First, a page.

It might seem bad, but the worst that can happen when you buy a stock (without leverage) is that its share price goes to zero. But if you buy shares in a really great company, you can more than double your money. For example, the Thomson Reuters Corporation (TSE:TRI) share price has soared 120% in the last three years. Most would be happy with that. Also pleasing for shareholders was the 15% gain in the last three months.
There is no denying that markets are sometimes efficient, but prices do not always reflect underlying business performance. One imperfect but simple way to consider how the market perception of a company has shifted is to compare the change in the earnings per share (EPS) with the share price movement.
During three years of share price growth, Thomson Reuters achieved compound earnings per share growth of 137% per year. The average annual share price increase of 30% is actually lower than the EPS growth. So one could reasonably conclude that the market has cooled on the stock. We'd venture the lowish P/E ratio of 8.66 also reflects the negative sentiment around the stock.
The image below shows how EPS has tracked over time (if you click on the image you can see greater detail).
We know that Thomson Reuters has improved its bottom line over the last three years, but what does the future have in store? It might be well worthwhile taking a look at our free report on how its financial position has changed over time.
What About Dividends?
As well as measuring the share price return, investors should also consider the total shareholder return (TSR). The TSR incorporates the value of any spin-offs or discounted capital raisings, along with any dividends, based on the assumption that the dividends are reinvested. Arguably, the TSR gives a more comprehensive picture of the return generated by a stock. As it happens, Thomson Reuters' TSR for the last 3 years was 159%, which exceeds the share price return mentioned earlier. The dividends paid by the company have thusly boosted the total shareholder return.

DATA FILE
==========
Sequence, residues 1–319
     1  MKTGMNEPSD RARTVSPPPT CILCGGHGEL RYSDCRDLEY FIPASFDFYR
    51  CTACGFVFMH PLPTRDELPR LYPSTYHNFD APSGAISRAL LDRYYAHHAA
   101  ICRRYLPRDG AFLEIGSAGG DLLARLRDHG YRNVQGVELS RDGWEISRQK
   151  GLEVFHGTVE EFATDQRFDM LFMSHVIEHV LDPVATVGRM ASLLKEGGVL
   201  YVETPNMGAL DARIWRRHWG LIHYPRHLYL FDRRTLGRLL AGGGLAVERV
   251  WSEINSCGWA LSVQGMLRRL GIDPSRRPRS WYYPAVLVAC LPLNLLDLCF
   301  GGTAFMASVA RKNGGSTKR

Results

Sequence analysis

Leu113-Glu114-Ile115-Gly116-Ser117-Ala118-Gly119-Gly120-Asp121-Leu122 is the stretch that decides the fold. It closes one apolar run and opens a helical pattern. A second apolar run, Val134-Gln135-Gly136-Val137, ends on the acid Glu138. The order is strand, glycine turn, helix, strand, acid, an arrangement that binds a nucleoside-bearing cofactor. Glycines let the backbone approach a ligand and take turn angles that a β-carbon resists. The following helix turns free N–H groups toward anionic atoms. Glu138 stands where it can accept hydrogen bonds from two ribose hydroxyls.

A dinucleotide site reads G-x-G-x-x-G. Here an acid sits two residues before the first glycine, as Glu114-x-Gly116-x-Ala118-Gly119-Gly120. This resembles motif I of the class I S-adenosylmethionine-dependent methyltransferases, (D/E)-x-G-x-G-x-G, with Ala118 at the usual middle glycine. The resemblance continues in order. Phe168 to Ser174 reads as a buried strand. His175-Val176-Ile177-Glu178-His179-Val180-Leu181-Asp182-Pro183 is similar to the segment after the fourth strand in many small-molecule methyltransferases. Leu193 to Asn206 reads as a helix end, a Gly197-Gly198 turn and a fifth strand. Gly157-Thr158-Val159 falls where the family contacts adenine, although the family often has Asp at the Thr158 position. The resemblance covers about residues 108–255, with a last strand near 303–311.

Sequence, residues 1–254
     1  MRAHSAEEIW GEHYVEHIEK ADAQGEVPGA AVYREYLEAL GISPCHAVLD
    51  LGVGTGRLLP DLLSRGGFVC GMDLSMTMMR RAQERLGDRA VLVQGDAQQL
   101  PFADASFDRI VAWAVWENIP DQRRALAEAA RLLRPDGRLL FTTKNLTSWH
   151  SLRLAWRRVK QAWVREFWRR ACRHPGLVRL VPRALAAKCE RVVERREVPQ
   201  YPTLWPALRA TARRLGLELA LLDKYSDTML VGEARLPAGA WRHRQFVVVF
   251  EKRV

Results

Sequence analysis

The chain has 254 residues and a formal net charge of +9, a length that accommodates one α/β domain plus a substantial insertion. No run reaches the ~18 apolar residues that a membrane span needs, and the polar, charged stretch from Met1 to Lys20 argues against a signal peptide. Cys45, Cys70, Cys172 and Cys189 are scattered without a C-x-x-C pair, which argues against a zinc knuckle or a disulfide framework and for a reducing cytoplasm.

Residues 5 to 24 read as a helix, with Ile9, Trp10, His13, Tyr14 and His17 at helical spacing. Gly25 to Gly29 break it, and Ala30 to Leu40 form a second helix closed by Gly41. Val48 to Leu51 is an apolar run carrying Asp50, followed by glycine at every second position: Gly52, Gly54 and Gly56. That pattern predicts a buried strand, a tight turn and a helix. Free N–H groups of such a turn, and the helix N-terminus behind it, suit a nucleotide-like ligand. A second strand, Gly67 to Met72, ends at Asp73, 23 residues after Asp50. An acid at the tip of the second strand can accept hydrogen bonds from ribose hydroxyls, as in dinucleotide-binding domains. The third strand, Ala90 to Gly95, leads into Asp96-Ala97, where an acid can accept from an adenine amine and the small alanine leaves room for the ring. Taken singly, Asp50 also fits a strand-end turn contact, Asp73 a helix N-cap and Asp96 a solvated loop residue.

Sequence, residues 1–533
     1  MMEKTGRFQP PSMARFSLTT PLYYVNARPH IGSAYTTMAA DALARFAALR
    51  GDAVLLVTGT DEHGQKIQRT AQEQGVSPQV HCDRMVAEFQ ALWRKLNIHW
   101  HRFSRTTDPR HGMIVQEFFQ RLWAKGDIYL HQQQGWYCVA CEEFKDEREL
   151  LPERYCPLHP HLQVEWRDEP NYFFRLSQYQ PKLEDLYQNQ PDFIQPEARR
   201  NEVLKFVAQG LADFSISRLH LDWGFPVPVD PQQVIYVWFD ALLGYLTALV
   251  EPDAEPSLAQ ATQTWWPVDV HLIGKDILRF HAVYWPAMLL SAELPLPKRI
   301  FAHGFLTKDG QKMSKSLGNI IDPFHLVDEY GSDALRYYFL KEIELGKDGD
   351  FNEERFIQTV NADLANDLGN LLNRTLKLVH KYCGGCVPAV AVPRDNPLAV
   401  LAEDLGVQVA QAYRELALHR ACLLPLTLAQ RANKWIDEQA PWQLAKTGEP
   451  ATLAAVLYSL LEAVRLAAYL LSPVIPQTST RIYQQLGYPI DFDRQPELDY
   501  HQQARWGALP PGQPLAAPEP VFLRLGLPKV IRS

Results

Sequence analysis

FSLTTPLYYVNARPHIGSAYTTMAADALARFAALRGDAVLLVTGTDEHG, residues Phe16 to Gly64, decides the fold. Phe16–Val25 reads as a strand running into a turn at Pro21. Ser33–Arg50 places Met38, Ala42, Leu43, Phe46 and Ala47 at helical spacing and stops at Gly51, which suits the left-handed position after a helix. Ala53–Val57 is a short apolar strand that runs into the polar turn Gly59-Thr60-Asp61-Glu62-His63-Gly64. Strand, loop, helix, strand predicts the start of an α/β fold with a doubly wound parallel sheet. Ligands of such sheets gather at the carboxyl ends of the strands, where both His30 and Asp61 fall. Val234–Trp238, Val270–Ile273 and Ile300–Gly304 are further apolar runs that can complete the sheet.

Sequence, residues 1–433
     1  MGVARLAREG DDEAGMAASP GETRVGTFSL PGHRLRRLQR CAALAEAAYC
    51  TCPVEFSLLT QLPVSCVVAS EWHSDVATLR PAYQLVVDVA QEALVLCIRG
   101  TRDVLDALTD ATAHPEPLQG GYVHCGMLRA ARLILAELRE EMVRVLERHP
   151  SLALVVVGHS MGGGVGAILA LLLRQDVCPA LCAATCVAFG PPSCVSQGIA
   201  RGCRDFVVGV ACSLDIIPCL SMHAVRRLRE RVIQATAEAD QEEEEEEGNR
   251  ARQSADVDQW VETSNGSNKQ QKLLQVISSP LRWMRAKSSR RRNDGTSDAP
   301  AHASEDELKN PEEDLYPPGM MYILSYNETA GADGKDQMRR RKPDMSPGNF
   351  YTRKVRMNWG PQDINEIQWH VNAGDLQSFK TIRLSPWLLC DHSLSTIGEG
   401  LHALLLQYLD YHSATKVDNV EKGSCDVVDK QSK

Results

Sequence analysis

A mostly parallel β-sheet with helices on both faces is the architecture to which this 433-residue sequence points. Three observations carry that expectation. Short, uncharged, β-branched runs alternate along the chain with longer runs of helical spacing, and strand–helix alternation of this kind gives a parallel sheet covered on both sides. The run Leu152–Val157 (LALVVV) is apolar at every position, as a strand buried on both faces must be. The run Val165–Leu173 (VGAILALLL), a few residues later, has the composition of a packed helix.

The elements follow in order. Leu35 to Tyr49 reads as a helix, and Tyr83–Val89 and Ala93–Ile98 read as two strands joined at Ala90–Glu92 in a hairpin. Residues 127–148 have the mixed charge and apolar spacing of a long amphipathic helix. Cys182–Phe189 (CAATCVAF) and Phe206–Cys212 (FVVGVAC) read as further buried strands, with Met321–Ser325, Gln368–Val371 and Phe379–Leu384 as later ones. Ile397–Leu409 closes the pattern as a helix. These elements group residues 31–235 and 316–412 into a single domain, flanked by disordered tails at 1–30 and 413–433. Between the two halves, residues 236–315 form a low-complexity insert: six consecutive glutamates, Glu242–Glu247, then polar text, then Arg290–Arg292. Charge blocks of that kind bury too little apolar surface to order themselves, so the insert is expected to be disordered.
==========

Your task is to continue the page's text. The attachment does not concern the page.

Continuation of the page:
A Different Perspective
It's good to see that Thomson Reuters has rewarded shareholders with a total shareholder return of 46% in the last twelve months. And that does include the dividend. Since the one-year TSR is better than the five-year TSR (the latter coming in at 22% per year), it would seem that the stock's performance has improved in recent times. Given the share price momentum remains strong, it might be worth taking a closer look at the stock, lest you miss an opportunity. While it is well worth considering the different impacts that market conditions can have on the share price, there are other factors that are even more important. Like risks, for instance. Every company has them, and we've spotted 3 warning signs for Thomson Reuters (of which 2 can't be ignored!) you should know about.
Of course, you might find a fantastic investment by looking elsewhere. So take a peek at this free list of companies we expect will grow earnings.
Please note, the market returns quoted in this article reflect the market weighted average returns of stocks that currently trade on CA exchanges.
If you’re looking to trade a wide range of investments, open an account with the lowest-cost* platform trusted by professionals, Interactive Brokers. Their clients from over 200 countries and territories trade stocks, options, futures, forex, bonds and funds worldwide from a single integrated account. Promoted
This article by Simply Wall St is general in nature. It does not constitute a recommendation to buy or sell any stock, and does not take account of your objectives, or your financial situation. We aim to bring you long-term focused analysis driven by fundamental data. Note that our analysis may not factor in the latest price-sensitive company announcements or qualitative material. Simply Wall St has no position in any stocks mentioned.
*Interactive Brokers Rated Lowest Cost Broker by StockBrokers.com Annual Online Review 2020
Have feedback on this article? Concerned about the content? Get in touch with us directly. Alternatively, email editorial-team (at) simplywallst.com.